The North was wary; it feared domination from the more educated South and had always wanted a country separate from the infidel South anyway. But the British had to preserve Nigeria as it was, their prized creation, their large market, their thorn in France 's eye. To propitiate the North, they fixed the pre-Independence elections in favor of the North and wrote a new constitution that gave the North control of the central government.
The South, too eager for independence, accepted this constitution. With the British gone, there would be good things for everyone: "white" salaries long denied Nigerians, promotions, top jobs. Nothing was done about the clamor of the minority groups, and the regions were already competing so fiercely that some wanted separate foreign embassies.
At Independence in 1960, Nigeria was a collection of fragments held in a fragile clasp.
Olanna's Dark Swoops began the day she came back from Kano, the day her legs failed. Her legs were fine when she climbed down from the train and she did not need to hold on to the blood-smeared railings; they were fine as she stood for the three-hour drive to Nsukka in a bus so crowded she could not reach out to scratch her itching back. But at the front door of Odenigbo's house, they failed. So did her bladder. There was the melting of her legs, and there was also the wetness of hot liquid running between her thighs. Baby discovered her. Baby had walked to the front door to look out, asking Ugwu when Mummy Ola would come back, and then cried out at the crumpled form on the stairs. Odenigbo carried her in, bathed her, and held Baby back from hugging her too tightly. After Baby fell asleep, Olanna told Odenigbo what she had seen. She described the vaguely familiar clothes on the headless bodies in the yard, the still-twitchy fingers on Uncle Mbaezi's hand, the rolled-back eyes of the child's head in the calabash and the odd skin tone-a flat, sallow gray, like a poorly wiped blackboard-of all the corpses that lay in the yard.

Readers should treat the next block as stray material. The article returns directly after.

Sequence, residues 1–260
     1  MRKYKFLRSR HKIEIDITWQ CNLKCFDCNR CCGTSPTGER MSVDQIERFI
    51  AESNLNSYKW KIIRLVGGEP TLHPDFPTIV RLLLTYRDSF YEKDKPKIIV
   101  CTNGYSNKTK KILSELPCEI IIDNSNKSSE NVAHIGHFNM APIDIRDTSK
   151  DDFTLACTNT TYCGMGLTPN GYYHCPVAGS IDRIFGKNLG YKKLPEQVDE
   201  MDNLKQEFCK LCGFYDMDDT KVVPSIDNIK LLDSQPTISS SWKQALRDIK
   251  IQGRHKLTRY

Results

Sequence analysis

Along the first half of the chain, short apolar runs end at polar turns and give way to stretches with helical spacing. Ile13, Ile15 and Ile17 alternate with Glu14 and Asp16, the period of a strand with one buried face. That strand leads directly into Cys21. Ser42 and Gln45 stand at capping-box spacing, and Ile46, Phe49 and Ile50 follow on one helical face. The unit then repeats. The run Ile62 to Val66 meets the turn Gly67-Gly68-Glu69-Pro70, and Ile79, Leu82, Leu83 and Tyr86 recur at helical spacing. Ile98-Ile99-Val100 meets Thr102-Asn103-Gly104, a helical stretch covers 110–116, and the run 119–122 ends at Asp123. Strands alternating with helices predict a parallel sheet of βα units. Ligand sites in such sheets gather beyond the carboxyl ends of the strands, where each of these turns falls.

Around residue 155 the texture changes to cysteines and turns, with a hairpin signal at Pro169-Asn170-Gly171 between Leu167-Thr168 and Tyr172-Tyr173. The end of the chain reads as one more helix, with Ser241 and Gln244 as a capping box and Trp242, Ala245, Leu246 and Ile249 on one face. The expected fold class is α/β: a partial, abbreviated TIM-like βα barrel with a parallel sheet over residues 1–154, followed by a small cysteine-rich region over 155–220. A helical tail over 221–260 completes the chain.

That night, she had the first Dark Swoop: A thick blanket descended from above and pressed itself over her face, firmly, while she struggled to breathe. Then, when it let go, freeing her to take in gulp after gulp of air, she saw burning owls at the window grinning and beckoning to her with charred feathers. She tried to describe these Dark Swoops to Odenigbo. She tried to tell him, also, how the pills tasted, the ones Dr. Patel brought, clammy like her tongue in the morning.
But Odenigbo always said, "Shush, nkem. You'll be fine." He spoke too softly to her. His voice sounded so silly, so unlike him. He even sang when he bathed her in the tub full of water scented with Baby's bath foam. She wanted to ask him to stop being ridiculous, but her lips were heavy. Speaking was a labor. When her parents and Kainene visited, she did not say much; it was Odenigbo who told them what she had seen.
At first, her mother sat next to her father and nodded as Odenigbo spoke in that silly-soft voice. Then her mother collapsed; she simply began to slide down as if her bones had liquefied until she half lay, half sat on the floor. It was the first time Olanna saw her mother without makeup, without gold clinging to her ears, and the first time Olanna saw Kainene cry since they were children. "You don't have to talk about it, you don't have to," Kainene said, sobbing, although Olanna had not even tried to talk about it.
Her father walked up and down the room. He asked Odenigbo over and over where exactly Patel had read medicine and how he could claim that Olanna's inability to walk was psychological. He talked about how frustrated they felt to have to drive all the way from Lagos because the federal government blockade meant Nigeria Airways was no longer flying to the southeast. "We wanted to come right away, right away," he said, so often that Olanna wondered if he really thought it would have made a difference when they came. But it did make a difference that they came, especially that Kainene came. It did not mean that Kainene had forgiven her, of course, but it meant something.